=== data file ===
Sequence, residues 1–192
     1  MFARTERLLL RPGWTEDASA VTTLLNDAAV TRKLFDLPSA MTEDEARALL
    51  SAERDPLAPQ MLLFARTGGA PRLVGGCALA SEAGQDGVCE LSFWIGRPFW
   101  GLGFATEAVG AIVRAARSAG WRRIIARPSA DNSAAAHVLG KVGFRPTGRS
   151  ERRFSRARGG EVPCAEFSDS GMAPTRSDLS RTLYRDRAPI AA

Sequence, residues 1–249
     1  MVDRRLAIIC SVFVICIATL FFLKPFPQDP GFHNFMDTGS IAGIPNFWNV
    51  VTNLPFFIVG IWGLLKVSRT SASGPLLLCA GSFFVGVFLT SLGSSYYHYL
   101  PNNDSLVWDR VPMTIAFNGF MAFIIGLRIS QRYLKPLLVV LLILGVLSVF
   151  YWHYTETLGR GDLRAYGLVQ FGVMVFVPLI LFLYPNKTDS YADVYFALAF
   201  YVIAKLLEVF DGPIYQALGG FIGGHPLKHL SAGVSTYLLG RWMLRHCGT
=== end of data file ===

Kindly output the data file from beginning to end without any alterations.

Sequence, residues 1–192
     1  MFARTERLLL RPGWTEDASA VTTLLNDAAV TRKLFDLPSA MTEDEARALL
    51  SAERDPLAPQ MLLFARTGGA PRLVGGCALA SEAGQDGVCE LSFWIGRPFW
   101  GLGFATEAVG AIVRAARSAG WRRIIARPSA DNSAAAHVLG KVGFRPTGRS
   151  ERRFSRARGG EVPCAEFSDS GMAPTRSDLS RTLYRDRAPI AA

Sequence, residues 1–249
     1  MVDRRLAIIC SVFVICIATL FFLKPFPQDP GFHNFMDTGS IAGIPNFWNV
    51  VTNLPFFIVG IWGLLKVSRT SASGPLLLCA GSFFVGVFLT SLGSSYYHYL
   101  PNNDSLVWDR VPMTIAFNGF MAFIIGLRIS QRYLKPLLVV LLILGVLSVF
   151  YWHYTETLGR GDLRAYGLVQ FGVMVFVPLI LFLYPNKTDS YADVYFALAF
   201  YVIAKLLEVF DGPIYQALGG FIGGHPLKHL SAGVSTYLLG RWMLRHCGT